Just as you can never step twice in the same river, you will experience a particular performance only once. This weekend you can catch “Opening Night: The Improvised Musical,” whose every show is created from scratch in Hollywood; explore Caryn Desai’s staging of “Cardboard Piano” in Long Beach; see how Jane Anderson has retrofitted her play “The Baby Dance” for a new generation of would-be parents; or encounter Theresa Rebeck’s “Seminar” in a more intimate setting. No matter what you pick, you can be sure that nobody else will have the exact same experience in the days to follow.
“Opening Night: The Improvised Musical”
The essentials: Director, actress and singer Shulie Cowen and her veteran L.A. troupe put an unusual spin on improv: The audience suggests a storyline, and the performers develop it into a “Broadway-style” (OK, low budget) musical complete with melodies, harmonies and choreography. When all the parts come together it can be awe-inspiring; it’s usually even funnier when they don’t.
Why this? “Opening Night” was a staple of Hollywood nightlife from 1998 until its regular venue,
Details: The Second City Studio Theater, 6560 Hollywood Blvd., Hollywood. 9:30 p.m. Fridays; ends Aug. 17. $12. (323) 464-8542 or www.secondcity.com/shows
‘Cardboard Piano’ in Long Beach
The essentials: South Korean playwright Hansol Jung addresses a number of contemporary evils — including religious intolerance and child soldiers — in a sophisticated and moving drama set in northern Uganda during the 21-year civil war.
Why this? Caryn Desai, artistic director of the International City Theatre, resolved to bring “Cardboard Piano” to Long Beach after seeing it at the 2016 Humana theater festival in Kentucky. In March, Jung won a $50,000 Whiting Award for drama.
Details: International City Theatre, Long Beach Performing Arts Center, 330 E. Seaside Way, Long Beach. 8 p.m. Thursdays through Saturdays, 2 p.m. Sundays; ends May 20. $47-$49. (562) 436-4610 or www.InternationalCityTheatre.org
‘The Baby Dance: Mixed’ at Rubicon
The essentials: Jane Anderson’s play “The Baby Dance,” which explores the line between private adoption and child buying, premiered at the Pasadena Playhouse in 1990 and became a hit that eventually ran off-Broadway. Anderson has updated the script for a new era, focusing on racial inequality as well as class. The original production’s director, Jenny Sullivan, takes the helm again, this time in Ventura with a mixed-race cast.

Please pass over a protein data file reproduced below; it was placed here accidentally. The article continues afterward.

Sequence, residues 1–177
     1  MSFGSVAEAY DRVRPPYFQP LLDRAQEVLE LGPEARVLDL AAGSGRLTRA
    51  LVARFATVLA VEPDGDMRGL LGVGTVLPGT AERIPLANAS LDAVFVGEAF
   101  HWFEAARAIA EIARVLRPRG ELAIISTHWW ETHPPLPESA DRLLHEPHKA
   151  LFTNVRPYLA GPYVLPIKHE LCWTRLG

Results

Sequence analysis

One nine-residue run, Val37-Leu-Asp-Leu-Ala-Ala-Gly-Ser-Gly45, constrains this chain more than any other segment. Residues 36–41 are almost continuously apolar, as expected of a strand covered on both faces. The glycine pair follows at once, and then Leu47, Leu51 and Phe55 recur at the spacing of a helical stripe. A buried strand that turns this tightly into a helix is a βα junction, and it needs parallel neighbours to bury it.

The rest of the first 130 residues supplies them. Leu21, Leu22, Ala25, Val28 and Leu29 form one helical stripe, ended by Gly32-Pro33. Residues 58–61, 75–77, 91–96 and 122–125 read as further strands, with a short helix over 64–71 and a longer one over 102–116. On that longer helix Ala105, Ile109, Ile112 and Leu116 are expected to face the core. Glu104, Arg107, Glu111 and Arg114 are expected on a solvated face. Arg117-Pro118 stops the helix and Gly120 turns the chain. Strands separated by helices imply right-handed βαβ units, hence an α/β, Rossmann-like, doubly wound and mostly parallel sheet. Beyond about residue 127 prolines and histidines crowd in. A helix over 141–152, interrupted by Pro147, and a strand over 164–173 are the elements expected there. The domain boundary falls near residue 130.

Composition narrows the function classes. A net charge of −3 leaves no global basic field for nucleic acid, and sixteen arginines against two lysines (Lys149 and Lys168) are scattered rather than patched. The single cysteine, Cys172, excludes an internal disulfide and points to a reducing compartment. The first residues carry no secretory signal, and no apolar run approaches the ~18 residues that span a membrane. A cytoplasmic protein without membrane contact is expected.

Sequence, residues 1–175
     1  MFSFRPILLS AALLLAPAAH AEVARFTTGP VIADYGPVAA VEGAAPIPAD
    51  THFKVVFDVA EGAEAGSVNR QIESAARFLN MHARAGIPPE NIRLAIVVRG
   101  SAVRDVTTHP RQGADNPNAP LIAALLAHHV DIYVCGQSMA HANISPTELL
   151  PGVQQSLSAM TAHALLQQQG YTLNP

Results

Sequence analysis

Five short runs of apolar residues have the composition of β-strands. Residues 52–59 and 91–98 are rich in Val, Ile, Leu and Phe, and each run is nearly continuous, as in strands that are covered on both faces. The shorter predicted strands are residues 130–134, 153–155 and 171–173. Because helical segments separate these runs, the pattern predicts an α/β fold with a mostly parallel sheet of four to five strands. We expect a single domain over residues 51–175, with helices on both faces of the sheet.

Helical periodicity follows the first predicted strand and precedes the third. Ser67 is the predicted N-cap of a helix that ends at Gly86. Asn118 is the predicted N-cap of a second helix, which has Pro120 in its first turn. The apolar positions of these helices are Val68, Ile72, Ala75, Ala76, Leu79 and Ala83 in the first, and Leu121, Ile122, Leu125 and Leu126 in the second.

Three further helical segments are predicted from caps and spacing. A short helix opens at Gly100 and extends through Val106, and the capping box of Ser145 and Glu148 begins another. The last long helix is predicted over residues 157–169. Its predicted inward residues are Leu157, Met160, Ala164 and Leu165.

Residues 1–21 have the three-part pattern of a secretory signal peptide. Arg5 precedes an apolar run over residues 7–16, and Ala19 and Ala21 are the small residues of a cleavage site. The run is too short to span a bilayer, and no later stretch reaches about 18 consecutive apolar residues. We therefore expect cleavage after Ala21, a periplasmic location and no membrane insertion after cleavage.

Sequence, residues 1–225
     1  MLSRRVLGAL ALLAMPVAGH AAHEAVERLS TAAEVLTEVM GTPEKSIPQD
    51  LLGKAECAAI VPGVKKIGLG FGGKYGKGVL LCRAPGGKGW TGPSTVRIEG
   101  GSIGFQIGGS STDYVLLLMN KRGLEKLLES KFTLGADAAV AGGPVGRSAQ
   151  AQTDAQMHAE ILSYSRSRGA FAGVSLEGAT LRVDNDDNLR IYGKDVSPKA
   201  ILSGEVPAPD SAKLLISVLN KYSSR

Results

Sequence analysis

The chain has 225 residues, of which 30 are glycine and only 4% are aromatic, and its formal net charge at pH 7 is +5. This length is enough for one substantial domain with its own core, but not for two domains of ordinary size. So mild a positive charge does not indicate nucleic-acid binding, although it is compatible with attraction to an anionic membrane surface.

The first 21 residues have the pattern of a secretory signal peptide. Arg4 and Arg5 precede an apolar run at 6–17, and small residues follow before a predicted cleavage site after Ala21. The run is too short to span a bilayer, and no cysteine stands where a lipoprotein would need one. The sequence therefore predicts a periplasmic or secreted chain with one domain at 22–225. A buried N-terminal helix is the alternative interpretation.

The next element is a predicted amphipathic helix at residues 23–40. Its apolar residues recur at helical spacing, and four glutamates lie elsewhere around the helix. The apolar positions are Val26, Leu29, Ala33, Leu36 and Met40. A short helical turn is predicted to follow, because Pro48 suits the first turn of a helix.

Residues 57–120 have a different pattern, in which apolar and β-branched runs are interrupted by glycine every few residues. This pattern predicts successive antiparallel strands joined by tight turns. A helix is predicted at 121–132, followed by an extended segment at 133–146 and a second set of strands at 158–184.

Why this? Anderson wrote the HBO miniseries “Olive Kitteridge,” which won eight Emmy Awards in 2015, and she was honored by the
Details: Rubicon Theatre Company, 1006 E. Main St., Ventura. Opens at 7 p.m. Saturday. Performances 2 and 7 p.m. Wednesdays, 7 p.m. Thursdays, 8 p.m. Fridays, 2 and 8 p.m. Saturdays, 2 p.m. Sundays, through May 20. $55. (805) 667-2900 or www.rubicontheatre.org.
Pop Up Theater’s ‘Seminar’
The essentials: Theresa Rebeck’s biting comedy, a hit on Broadway, came to the Ahmanson Theatre in 2011 starring Jeff Goldblum as a wealthy, cynical author hired to lead fame-seekers through a 10-week seminar in a Manhattan apartment. Pop Up Theatre, a newish company doing plays in nontraditional spaces, is staging this intimate revival.
Why this? Rebeck is a prolific and popular playwright and TV writer who created the NBC series “Smash.” According to Times theater critic Charles McNulty, she is “never more amusing than when exposing the monstrous self-interest of otherwise decent people.” Her evisceration of these egotistical wannabes — everybody will recognize at least a few of the characters — might be even more bracing at close range.
Details: Thymele Arts Theater, 5481 Santa Monica Blvd., Hollywood. Opens May 10. Performances 8 p.m. Fridays and Saturdays, 2 p.m. Sundays, through June 2. $25. thepopuptheater.org
The 99-Seat Beat appears every Friday. Our reviewers shortlist offerings with an emphasis on smaller venues. Some (but not all) recommendations are shows we've seen; other picks are based on the track record of the company, playwright, director or cast. Comprehensive theater listings are posted every Sunday at latimes.com/arts.
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